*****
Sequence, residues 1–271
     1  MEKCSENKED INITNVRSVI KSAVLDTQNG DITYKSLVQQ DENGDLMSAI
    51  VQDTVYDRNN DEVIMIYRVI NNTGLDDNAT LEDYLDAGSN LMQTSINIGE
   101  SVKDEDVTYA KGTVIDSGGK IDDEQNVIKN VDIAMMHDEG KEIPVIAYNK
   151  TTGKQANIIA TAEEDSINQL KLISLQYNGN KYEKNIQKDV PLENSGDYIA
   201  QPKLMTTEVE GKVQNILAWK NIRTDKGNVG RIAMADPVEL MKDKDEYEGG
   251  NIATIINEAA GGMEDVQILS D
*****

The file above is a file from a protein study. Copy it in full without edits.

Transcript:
Sequence, residues 1–271
     1  MEKCSENKED INITNVRSVI KSAVLDTQNG DITYKSLVQQ DENGDLMSAI
    51  VQDTVYDRNN DEVIMIYRVI NNTGLDDNAT LEDYLDAGSN LMQTSINIGE
   101  SVKDEDVTYA KGTVIDSGGK IDDEQNVIKN VDIAMMHDEG KEIPVIAYNK
   151  TTGKQANIIA TAEEDSINQL KLISLQYNGN KYEKNIQKDV PLENSGDYIA
   201  QPKLMTTEVE GKVQNILAWK NIRTDKGNVG RIAMADPVEL MKDKDEYEGG
   251  NIATIINEAA GGMEDVQILS D